10. Smallpotatoes

    Smallpotatoes Well-Known Member

    I'm actually sort of in the same situation my father was in when he was my age. After a long time at his company (He was an insurance underwriter) he was let go. He tried to catch on with another insurance company or so something similar but nothing panned out.

    He worked a series of warehouse and light industrial jobs. That was the best he could do. He had two kids (me and one of my brothers) in college at the time. I'm single and don't have kids (I've probably missed my window on both) so I don't have to worry about taking care of anyone but myself, but that, to me, makes it disheartening to think that driving rental cars is the best I can do. I was probably too wrapped up in my job in the past and now that it's gone, I feel like I have nothing.

    I also don't know how I can make up for decades of bad adulting in a few months.

    It's just all too overwhelming now. The hole I have to dig myself out of is too deep. It may take the rest of my life to undo the damage. Do I want to be around for that?

    FWIW, I interviewed for a substitute teaching job yesterday. Teaching English or social studies was something I thought about when I was laid off, but I thought it was best to sub as a way of testing the waters to see if it's really for me.
  11. Spartan Squad

    Spartan Squad Well-Known Member

    You can PM me if you want more info about teaching (I just made the switch and have done subbing and am in my first job) but getting your feet wet in a low-risk, no-expectation environment like subbing is smart. You can start to try out classroom management strategies, see if you can find your voice as a teacher and just see if you like kids.

    The caveat is this: Subbing can be glorified babysitting sometimes and the kids will push because they know you don't have true power over them except to rat them out to their teacher/admin. Take nothing personally!!! If a kid is being an asshole, let the office deal with it. And remember, that asshole is just a kid.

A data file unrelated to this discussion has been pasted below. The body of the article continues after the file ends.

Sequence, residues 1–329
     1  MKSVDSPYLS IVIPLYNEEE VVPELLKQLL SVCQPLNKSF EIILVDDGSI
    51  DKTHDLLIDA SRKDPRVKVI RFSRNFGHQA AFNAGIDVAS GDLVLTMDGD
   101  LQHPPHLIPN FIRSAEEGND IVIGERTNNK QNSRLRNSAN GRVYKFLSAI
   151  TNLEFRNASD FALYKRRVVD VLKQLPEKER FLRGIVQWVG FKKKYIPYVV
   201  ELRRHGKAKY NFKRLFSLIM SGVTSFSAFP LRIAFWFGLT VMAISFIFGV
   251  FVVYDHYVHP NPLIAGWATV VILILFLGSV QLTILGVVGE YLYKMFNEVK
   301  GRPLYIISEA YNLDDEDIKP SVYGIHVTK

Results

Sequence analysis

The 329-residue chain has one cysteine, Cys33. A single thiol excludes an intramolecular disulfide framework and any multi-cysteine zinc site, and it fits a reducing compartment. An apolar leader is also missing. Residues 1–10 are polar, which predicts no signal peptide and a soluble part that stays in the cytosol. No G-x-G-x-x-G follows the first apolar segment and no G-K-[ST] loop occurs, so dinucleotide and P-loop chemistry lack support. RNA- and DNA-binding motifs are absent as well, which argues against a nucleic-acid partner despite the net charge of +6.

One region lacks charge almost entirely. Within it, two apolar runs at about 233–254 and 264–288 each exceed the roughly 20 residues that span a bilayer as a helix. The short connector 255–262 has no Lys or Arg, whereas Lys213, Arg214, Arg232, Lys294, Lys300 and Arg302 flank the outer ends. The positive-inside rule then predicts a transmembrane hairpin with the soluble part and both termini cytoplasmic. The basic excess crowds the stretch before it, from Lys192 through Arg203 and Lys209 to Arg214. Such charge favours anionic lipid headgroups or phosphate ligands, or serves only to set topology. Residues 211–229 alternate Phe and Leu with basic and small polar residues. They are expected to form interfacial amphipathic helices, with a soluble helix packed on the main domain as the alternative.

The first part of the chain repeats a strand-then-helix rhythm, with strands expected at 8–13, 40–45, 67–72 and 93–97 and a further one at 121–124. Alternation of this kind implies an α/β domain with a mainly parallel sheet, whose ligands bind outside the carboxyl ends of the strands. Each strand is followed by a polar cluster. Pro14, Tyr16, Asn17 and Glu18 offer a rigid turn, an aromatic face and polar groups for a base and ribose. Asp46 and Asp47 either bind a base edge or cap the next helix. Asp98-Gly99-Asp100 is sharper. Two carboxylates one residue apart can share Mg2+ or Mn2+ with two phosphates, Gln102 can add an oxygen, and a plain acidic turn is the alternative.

That all said, students are so damn curious about new people. Some will want to know the weirdest things about you. Just roll with it and have a good laugh. Be flexible.

    It is good to focus on something positive. It's good to have a reason to get out of bed everyday. As corny as it sounds, don't worry about tomorrow. Let tomorrow worry about itself. What are you doing today? Did you get up today? Check. Did you make your bed today? Check. Did you eat breakfast? Check. Did you go to work? Check. You only have to win today because you can't fight tomorrow until it gets here. If you don't win today? Try again tomorrow. I meant it when I said keep coming back and we appreciate you.
    OscarMadison likes this.
  12. 3_Octave_Fart

    3_Octave_Fart Well-Known Member

    I hear you on the herb.
    Sometimes I'll smoke out late at night and watch Fawlty Towers and fold the family's clothes and feed my fish and the sun is just shining inside my head, and I think there's no way I can ever feel more untroubled ... until I wake up seven hours later.
    The weed 'hangover' is a psychological one - instead of waking up feeling like hammered dogshit, there's a dismay that happiness can be so very fleeting.